Tim’s Guidance on how the process for GSoC works:

  1. Each year, you (re-)apply to become a Mentoring Organization (if this is your first year applying, Google sometimes accepts recommendations/vouchers from orgs they have worked with in the past)
  2. Begin to brainstorm some potential student project ideas & start looking for possible mentors (as soon as you can)
  3. Assuming you are accepted by Google as a Mentoring Org, then you need to request a limited number of "project slots" from Google (this is essentially the maximum number of projects you hope to mentor that year)
  4. Based on demand, Google assigns you a maximum number of project slots (may or may not receive your requested number of slots)
  5. As a Mentoring Org, you then begin accepting student applications for those project slots.
  6. As a Mentoring Org, you get to decide which student applications to accept. You also are in charge of matching students with mentors and/or projects (and you can add new mentors/projects at last minute and students can also suggest project ideas to you)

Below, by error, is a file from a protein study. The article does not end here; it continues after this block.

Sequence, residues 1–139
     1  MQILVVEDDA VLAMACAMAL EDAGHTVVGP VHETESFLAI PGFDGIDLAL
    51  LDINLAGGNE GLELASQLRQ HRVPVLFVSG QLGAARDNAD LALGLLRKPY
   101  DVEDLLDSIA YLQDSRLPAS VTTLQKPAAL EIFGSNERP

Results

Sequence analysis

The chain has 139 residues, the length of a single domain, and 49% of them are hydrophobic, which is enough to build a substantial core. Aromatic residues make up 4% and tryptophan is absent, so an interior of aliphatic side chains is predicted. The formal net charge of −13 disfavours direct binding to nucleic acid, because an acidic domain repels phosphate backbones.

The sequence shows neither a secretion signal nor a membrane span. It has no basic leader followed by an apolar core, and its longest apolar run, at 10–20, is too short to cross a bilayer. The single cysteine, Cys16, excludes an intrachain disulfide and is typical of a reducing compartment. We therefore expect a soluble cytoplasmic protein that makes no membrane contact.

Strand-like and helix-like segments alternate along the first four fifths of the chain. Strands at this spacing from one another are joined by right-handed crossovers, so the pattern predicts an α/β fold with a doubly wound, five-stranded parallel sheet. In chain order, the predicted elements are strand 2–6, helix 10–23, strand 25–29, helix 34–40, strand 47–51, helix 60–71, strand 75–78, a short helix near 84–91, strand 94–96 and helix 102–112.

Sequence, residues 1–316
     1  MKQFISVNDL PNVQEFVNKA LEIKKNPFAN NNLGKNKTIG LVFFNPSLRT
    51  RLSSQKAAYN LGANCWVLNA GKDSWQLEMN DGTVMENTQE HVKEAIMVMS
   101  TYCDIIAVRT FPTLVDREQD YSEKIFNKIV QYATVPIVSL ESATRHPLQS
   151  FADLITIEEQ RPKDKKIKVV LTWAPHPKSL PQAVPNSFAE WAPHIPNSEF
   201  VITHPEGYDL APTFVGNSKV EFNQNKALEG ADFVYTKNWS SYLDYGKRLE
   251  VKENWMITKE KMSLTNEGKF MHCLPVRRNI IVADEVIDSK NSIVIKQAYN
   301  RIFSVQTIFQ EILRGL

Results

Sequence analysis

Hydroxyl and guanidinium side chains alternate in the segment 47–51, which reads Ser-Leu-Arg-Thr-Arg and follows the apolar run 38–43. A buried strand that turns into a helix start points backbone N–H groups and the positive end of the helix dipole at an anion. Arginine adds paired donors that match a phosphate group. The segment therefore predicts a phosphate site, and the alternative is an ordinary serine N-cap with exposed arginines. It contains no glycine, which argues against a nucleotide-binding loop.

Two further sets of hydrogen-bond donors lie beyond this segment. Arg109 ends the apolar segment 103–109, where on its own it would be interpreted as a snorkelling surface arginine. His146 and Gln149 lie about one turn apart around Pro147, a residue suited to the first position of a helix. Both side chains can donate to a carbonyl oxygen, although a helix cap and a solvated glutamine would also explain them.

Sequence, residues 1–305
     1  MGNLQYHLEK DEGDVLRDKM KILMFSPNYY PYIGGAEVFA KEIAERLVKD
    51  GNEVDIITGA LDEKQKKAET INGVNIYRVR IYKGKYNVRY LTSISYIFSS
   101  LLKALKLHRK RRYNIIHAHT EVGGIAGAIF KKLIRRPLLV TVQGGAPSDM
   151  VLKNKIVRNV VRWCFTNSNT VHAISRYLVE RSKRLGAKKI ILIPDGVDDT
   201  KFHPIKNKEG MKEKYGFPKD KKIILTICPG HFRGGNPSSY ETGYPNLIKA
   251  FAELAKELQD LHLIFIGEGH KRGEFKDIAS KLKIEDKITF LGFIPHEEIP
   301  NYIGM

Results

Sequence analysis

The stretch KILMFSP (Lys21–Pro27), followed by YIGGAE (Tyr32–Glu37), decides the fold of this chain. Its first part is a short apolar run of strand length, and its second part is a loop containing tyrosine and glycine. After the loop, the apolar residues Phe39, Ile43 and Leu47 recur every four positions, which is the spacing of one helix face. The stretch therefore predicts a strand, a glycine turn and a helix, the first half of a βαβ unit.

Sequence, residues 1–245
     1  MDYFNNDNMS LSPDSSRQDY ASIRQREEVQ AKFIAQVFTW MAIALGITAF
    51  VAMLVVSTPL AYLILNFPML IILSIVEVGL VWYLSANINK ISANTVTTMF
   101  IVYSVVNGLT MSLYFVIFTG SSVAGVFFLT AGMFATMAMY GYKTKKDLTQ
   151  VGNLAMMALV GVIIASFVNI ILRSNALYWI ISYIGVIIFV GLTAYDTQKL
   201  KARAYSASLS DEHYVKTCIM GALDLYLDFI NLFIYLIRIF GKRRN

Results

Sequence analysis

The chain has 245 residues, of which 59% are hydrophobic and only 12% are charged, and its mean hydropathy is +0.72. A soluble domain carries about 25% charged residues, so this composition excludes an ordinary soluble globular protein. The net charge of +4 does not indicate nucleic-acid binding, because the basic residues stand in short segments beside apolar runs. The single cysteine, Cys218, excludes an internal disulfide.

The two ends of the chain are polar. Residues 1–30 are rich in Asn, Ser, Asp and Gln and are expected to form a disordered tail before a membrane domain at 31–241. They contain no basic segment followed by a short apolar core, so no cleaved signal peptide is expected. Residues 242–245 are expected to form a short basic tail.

7. If any students are accepted by multiple Mentoring Orgs, then the student along with Mentoring Orgs need to decide which single project the student will work on. If you have extra project slots (ones that you couldn't find a student for), you often can give those to other mentoring organizations that can use them.
  8. Projects get finalized. Students start meeting mentors (virtually)
  9. Projects start & students begin working on project & meeting with mentors
  10. At mid-term, students get a pass/fail grade, assigned by their mentors. If failed, the project stops immediately & student gets $0. If passed, the project continues.
  11. At end of summer, students get another pass/fail grade (for second half of project), assigned by their mentors. Students also get an opportunity to grade their mentors & their mentoring organization.
  12. In fall, Google holds a "Mentor Summit" (on site at Google Headquarters). Each Mentoring Organization can send a maximum of two people to attend.

Below are notes from the NDSA Challenge Challenge Workshop on this tipic from, July 20, 2011. They can serve as the basis of planning for this group.

Google Summer of Code Workshop Notes